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Why Everyone Loves Passover

Mon, 04/22/2019 - 17:49

Of all Jewish holidays, Passover is perhaps the most celebrated among American Jews. More Jews attend a Passover Seder each year than fast on Yom Kippur, the most holy day of the Jewish calendar.

Passover is one of three Jewish pilgrimage festivals on the calendar, the others being Shavuot (the festival of weeks) and Sukkot (the festival of booths). The latter festivals receive scant attention among non-Orthodox Jews in the United States, whereas Passover has become an iconic Jewish holiday.

Among American Jews, Passover has emerged as not just the most celebrated holiday, but I would argue that it also evokes the most spiritual meaning and stirs the identity of its participants. Jews love Passover because the holiday brings rituals and conversations that offer a perspective of seeing the world through a timeless narrative, and a never-ending conversation about freedom, exodus, oppression, and justice.

There is a joke that sums up most Jewish holidays with the aphorism “They tried to kill us, we won, let’s eat!” Passover certainly fits this mold.

But a Passover Seder is only partly about eating, and the food that we do eat is generally less than appetizing. While Jews tolerate matzo, the unleavened staple bread of Passover, there is good reason why most Jews stop eating it after the seven-day celebration (some Jews celebrate it for eight days) is over. Matzo tastes like a bland cracker, lacking both flavor and a pleasing texture. Jews nonetheless eat this flat bread because its taste evokes a barren dry desert in the wilderness.

On Passover, Jews are supposed to see themselves as if they had left Egypt, and matzo certainly tastes like the oppression of journeying through the desert. Tasting the persecution of our ancestors, we discuss the question “How can we in our own day relieve the yoke upon the persecuted?” The questioning continues all throughout the night, eliciting novel answers to a traditional script of questions.

The Exodus isn’t just a narrative that happened once upon a time, it happens all the time. The rituals of Passover remind us of our past, but they also compel us to empathize with the suffering of the present. When, for example, we talk about the 10 plagues — blood, frogs, lice, beasts, pestilence, boils, hail, locusts, darkness, and the slaying of the first born — stricken upon the Egyptians, the tradition is to spill out 10 drops of wine, acknowledging the blood of the Egyptians harmed during the deluge of destruction upon Egypt.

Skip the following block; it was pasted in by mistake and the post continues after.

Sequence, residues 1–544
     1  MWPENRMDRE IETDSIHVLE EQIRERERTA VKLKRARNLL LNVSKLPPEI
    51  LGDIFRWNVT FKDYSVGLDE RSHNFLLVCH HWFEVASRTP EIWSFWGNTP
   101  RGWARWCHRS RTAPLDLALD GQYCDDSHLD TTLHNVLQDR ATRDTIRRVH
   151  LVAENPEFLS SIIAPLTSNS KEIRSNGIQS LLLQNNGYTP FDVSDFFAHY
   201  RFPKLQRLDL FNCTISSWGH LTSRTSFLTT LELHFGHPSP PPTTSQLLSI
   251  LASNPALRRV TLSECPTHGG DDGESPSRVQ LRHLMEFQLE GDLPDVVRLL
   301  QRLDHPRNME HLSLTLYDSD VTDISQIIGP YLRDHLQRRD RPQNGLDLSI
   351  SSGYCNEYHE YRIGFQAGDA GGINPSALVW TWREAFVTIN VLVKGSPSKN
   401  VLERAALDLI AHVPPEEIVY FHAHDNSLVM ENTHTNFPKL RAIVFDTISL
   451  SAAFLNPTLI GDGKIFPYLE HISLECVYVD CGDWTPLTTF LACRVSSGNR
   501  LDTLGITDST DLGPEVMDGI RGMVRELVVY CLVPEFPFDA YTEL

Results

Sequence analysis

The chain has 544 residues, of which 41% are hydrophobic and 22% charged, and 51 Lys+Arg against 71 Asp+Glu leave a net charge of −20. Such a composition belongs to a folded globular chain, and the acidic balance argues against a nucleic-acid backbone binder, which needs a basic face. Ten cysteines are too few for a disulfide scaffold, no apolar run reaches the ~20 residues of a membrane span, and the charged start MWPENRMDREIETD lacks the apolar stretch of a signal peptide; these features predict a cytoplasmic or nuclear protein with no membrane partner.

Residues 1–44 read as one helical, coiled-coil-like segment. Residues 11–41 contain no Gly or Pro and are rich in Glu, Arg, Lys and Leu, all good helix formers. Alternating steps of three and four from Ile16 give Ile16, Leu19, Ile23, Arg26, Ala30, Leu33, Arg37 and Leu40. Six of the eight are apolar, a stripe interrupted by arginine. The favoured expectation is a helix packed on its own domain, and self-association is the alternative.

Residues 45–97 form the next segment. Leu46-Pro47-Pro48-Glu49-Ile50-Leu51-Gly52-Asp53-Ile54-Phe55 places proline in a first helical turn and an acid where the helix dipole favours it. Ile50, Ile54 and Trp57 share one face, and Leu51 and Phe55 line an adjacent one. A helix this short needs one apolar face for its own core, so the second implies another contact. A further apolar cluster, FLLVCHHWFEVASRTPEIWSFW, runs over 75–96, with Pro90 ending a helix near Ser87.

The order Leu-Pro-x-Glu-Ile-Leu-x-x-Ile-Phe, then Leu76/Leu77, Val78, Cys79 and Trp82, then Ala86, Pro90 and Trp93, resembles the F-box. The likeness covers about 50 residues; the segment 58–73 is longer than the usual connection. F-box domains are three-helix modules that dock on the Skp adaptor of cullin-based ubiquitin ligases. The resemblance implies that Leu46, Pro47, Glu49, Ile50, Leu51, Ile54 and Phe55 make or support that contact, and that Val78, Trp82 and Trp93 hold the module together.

Many Jews also take note of the contemporary plagues people all over the world suffer, and converse about homelessness, hunger, inequality, racism, gender discrimination, environmental destruction, gun violence, addiction, and sexual assault.

The rituals and questions elicit the kind of extraordinary conversations that are rarely heard at the dinner table. One interpretation of the Hebrew word for Passover, Pesach, is that it means peh-siach, the conversation of the mouth. It’s an apt description of a Passover Seder.

People relish talking through extended narratives, asking relentless questions, and performing rituals with highly symbolic items because these are the ingredients for a gripping conversation that captivates spiritual and intellectual experience. There are always some who complain that the ritual takes too long before the meal is served, but for most the conversation trumps the food.

Passover has become such a popular holiday that communities of other faiths sometimes adopt the tradition of a Seder. Barack Obama even initiated a private Seder at the White House during his presidency.

If you want to discover the power of Passover, join us at the Jewish Center of the Hamptons for our annual community second night Seder on Saturday. Information can be found and tickets purchased at

Josh Franklin serves as the rabbi of the Jewish Center of the Hamptons in East Hampton.

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